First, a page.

India: Life insurers post increase in new premiums

| 26 Apr 2022

In March 2022, total new-business premiums (NBP) in the country grew 37% year-on-year to IDR596 billion (US$7.8 billion) from IDR434 billion.

Private life insurers’ NBP grew 13% year-on-year, while LIC’s NBP grew by 51% year-on-year, according to a recent research report released by Anand Rathi.

As at the end of March 2022, the private sector’s annual-premium equivalent (APE) grew 11% annually, while that for LIC, the sole public entity, grew 51% year-on-year. The total APE was IDR211 billion, up from IDR162 billion in the previous year.

In March this year, LIC’s market share by NBP grew to 71% (from 64% the month prior, 47% in December 2021). By APE, LIC’s market share for March 2022 increased to 55% (up from 47% the previous month, and 35% from December 2021).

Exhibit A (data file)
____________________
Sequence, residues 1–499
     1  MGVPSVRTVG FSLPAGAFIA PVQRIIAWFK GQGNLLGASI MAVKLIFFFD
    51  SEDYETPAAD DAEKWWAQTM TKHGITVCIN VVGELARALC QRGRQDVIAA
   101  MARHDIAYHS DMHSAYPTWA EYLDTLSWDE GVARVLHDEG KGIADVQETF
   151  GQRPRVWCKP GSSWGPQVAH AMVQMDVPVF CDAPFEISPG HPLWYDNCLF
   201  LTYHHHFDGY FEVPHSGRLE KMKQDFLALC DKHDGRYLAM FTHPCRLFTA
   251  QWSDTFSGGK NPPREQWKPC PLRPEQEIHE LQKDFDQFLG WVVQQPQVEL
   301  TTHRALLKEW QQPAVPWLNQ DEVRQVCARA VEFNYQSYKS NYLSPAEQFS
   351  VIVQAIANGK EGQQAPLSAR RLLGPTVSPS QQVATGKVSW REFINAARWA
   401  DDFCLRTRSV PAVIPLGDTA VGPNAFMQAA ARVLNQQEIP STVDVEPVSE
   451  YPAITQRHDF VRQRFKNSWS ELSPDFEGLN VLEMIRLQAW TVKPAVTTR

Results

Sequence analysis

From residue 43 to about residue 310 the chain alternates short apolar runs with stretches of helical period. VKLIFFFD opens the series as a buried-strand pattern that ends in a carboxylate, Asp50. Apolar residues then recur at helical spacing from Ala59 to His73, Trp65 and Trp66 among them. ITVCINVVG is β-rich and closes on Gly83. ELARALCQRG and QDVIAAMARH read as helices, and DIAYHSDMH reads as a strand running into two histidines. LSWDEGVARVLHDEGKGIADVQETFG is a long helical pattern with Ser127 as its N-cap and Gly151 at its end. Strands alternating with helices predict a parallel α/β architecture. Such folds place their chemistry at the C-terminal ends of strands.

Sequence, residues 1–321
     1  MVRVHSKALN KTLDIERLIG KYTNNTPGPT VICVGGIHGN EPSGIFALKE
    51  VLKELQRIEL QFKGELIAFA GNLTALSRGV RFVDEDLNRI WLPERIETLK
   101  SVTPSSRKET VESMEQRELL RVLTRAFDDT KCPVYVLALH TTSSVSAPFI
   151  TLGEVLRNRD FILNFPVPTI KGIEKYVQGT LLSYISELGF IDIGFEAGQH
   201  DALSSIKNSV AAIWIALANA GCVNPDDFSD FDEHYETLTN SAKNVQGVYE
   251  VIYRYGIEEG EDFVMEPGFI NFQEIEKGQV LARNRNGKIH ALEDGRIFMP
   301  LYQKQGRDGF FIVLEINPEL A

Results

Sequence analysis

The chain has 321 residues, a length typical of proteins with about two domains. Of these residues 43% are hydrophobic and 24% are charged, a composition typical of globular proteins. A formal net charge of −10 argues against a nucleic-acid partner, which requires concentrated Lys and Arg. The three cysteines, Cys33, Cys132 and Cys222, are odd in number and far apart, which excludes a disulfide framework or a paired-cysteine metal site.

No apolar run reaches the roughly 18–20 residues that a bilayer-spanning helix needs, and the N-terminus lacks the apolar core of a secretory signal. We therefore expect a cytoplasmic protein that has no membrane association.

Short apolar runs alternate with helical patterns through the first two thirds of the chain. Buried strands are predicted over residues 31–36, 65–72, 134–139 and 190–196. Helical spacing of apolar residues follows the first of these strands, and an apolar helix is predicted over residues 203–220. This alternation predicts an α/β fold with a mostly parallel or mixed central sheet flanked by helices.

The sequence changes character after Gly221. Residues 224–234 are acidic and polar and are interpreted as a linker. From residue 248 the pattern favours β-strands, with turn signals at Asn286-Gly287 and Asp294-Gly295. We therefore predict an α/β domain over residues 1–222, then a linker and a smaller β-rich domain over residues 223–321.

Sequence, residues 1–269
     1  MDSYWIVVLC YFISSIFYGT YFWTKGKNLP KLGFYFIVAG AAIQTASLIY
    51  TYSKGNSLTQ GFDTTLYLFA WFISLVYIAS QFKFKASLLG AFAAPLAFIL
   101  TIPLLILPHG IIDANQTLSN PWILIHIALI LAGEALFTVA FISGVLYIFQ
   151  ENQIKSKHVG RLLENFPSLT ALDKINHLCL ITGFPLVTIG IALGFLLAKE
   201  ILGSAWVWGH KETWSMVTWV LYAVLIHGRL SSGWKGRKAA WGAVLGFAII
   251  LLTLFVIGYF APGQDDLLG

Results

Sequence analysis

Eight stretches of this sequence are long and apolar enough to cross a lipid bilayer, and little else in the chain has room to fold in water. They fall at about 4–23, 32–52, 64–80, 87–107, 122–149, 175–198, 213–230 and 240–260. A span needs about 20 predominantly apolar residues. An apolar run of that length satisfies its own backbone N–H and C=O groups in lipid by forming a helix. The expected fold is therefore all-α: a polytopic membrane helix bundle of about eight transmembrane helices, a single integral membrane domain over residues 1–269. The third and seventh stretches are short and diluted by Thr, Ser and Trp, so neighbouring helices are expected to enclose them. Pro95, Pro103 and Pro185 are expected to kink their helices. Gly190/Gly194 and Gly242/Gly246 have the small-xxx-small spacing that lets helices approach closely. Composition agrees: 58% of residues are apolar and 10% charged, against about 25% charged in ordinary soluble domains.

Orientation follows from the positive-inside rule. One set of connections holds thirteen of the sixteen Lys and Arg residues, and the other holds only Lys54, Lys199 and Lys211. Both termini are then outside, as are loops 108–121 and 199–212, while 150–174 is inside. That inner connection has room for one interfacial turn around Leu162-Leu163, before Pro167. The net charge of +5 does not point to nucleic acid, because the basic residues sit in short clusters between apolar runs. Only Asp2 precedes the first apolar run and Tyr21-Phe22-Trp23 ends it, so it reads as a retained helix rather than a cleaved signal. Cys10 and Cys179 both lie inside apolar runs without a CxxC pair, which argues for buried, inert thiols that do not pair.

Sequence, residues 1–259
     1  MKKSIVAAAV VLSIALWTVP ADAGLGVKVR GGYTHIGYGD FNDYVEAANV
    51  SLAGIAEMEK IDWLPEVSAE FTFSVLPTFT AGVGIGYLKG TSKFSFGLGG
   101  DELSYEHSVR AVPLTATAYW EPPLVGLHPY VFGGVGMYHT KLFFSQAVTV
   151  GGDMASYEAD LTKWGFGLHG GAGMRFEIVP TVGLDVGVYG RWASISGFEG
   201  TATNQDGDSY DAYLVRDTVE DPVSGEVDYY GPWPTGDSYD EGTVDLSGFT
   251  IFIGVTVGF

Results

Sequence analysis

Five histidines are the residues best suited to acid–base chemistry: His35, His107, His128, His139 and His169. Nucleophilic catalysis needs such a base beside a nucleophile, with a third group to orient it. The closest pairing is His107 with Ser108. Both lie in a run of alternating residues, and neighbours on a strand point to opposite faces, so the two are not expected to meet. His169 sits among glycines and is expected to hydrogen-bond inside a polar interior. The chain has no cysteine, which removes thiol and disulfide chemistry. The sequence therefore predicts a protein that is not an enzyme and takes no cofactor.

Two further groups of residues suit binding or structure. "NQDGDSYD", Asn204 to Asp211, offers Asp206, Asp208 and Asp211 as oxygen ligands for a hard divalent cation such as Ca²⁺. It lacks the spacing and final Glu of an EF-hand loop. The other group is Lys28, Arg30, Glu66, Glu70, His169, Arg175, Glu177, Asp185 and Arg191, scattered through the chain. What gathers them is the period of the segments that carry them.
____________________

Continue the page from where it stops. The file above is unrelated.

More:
In the private sector, in terms of APE, SBI Life had the largest market share of 17.3%, followed by HDFC Life’s 14.0% and I-Pru’s 11.0%.

In terms of NBP, HDFC Life, with an 18.3% market share, occupied top spot, while SBI Life, with 16.5%, held the second position. Coming in third was I-Pru with 12.7%, according to the Anand Rathi report.

In another report, the country’s life insurance sector has been growing substantially at a compounded annualised growth rate (CAGR) of more than 11% over the past few years, which is substantially faster than the average global growth rate.

The report by CareEdge showed that the prime drivers of this growth include a substantial increase in group insurance products coupled with innovations, customisation, and the development of strong distribution channels in the individual insurance segment.

The gap between India’s insurance density and penetration levels and the average for Asian economies indicates a substantial growth opportunity.

India’s life insurance sector has a top-heavy market structure, with the top five players holding over 85% market share, and the remaining companies making up a long tail. This, along with public sector banks being required to reduce their stakes in some insurance companies due to their mergers, is likely to trigger consolidation in the segment, according to Outlook.